1 Reply Latest reply on Mar 13, 2012 4:20 PM by Kevin Corr

    Reaction force vs frequency plot

    Sylvian Braibant

      Hi there,

       

      I am doing a dynamic simulation on what I've attached a picture of. Meaning a membrane excited by a cycling force (10 N) between 0 and 60 kHz, while held at another place on the structure (fixed geometry). I got actually 2 questions about the reaction forces. The fixed geometries are the 2 faces of the flange and I would expect the reaction forces on those surfaces to be opposite. And they are not : for the lower face X : 37 N ; Y : 27 N ; Z : 37 N // on the upper face X : 47 N ; Y : 83 N ; Z : 46 N (the cylindrical axis is Y, and so is the exciting force's). That's my first question.

      My second one is : is this possible to plot these reaction forces along the whole frequency range ? The values given above are for the step 60, at 49259 Hz. My goal is to be able to spot the frequency peak on this reaction force plot.

      I hope I am being clear.... thanks for any hint !

       

      Sylvian

        • Re: Reaction force vs frequency plot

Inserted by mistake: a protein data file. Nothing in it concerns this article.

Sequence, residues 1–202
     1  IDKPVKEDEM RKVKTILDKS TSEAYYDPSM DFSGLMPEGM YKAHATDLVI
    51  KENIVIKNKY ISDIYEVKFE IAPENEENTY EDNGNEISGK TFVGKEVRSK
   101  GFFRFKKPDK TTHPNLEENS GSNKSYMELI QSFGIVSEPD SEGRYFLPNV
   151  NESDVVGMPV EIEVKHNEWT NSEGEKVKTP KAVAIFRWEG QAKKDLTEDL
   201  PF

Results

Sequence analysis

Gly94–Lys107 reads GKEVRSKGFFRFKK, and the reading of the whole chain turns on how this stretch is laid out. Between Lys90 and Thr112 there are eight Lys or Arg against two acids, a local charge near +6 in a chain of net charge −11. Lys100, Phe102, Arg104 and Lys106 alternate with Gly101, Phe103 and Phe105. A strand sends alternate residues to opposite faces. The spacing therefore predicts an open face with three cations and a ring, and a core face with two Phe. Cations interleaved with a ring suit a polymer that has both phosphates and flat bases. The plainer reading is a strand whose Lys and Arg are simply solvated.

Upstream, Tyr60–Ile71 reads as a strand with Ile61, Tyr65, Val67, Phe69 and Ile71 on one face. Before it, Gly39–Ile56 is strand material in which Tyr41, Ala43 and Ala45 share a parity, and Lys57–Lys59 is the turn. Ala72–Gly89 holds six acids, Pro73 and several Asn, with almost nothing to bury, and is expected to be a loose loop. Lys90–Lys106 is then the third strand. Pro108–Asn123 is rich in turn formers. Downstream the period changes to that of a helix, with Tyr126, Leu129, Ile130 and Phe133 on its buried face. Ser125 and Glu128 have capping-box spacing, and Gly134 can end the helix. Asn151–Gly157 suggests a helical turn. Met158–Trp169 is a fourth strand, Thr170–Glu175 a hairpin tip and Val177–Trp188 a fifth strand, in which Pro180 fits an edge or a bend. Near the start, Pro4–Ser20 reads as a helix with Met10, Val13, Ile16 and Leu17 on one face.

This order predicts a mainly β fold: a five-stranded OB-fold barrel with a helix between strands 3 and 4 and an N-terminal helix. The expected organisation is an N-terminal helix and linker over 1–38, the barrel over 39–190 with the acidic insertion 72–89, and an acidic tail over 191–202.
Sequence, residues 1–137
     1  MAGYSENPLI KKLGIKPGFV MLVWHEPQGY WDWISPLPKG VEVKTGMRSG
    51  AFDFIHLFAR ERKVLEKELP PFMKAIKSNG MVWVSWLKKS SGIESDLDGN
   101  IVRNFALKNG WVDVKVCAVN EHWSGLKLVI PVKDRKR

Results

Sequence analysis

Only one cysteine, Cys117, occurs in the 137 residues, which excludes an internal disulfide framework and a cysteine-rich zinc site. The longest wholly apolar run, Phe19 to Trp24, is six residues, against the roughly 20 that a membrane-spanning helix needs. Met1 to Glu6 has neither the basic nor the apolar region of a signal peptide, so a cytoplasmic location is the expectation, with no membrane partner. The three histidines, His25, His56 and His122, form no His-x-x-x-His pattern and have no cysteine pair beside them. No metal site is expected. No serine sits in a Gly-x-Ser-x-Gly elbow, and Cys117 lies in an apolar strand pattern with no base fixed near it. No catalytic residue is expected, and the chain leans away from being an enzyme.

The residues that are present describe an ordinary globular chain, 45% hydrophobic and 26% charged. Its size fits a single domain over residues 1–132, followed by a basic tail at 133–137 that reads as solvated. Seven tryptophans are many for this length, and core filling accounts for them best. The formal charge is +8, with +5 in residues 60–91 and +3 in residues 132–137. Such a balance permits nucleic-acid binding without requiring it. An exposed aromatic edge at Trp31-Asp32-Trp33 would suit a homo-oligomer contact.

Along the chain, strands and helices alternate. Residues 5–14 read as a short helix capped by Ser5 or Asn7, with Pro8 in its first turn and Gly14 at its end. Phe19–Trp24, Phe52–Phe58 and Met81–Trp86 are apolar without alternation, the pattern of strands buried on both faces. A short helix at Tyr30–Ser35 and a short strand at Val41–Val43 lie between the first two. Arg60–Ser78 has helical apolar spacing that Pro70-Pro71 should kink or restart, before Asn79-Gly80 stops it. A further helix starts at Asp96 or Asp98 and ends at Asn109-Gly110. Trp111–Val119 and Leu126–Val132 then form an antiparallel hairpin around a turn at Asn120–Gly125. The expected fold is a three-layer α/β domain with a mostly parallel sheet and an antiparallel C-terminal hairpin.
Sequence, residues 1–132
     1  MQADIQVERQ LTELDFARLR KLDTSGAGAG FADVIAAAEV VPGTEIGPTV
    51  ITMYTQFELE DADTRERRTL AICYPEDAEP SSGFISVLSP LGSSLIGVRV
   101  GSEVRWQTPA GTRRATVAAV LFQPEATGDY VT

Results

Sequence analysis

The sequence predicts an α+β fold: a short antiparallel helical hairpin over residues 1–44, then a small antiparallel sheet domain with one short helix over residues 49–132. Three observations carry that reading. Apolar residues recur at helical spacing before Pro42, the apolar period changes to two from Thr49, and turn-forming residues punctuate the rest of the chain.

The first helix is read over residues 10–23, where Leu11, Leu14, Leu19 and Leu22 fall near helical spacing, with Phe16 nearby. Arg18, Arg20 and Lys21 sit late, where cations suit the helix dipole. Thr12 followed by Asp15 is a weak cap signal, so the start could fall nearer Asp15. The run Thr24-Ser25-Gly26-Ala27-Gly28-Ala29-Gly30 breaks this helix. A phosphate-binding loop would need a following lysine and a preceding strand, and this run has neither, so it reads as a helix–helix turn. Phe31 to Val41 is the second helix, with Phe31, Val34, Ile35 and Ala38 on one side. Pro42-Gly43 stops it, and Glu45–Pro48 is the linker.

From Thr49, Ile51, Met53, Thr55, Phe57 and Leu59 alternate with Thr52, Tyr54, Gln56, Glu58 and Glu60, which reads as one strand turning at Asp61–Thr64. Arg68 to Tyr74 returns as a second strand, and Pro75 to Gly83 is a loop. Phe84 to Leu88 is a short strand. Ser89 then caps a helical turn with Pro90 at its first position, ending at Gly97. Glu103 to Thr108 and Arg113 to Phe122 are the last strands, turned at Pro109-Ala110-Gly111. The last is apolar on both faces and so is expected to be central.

Kevin Corr

          comments ...in reverse order...I think you mean to plot a response graph as a result in a harmonic linear dynamic study. Its known as a gain or a bode plot in audio circles. As for what to expect the reactions to be ...as in equal and opposite...I'd sooner expect them to be unequal and not opposite at step 60 ie. 50 khz. At high  frequency the step may be near a resonance that is excited by the load. So check the mode list to see what modes lie around 50khz. Then, display the mode shape to get an idea of whether the load you apply would excite the mode shape. My lean is toward there being reaction forces to a surprising behavior of the geometry at 50khz which in order to keep the fixed items fixed, the reactions diverge. On the other end of the spectrum, in the low frequency range below the fundamental frequency ie. in a quas- static  case, I'd expect the simulation to approximate reactions as equal and opposite. If experimental measurement confirms the reactions are equal and opposite at 50khz, one possibility is adjusting damping to null out the resonance peak and realize your equal and opposite expectation.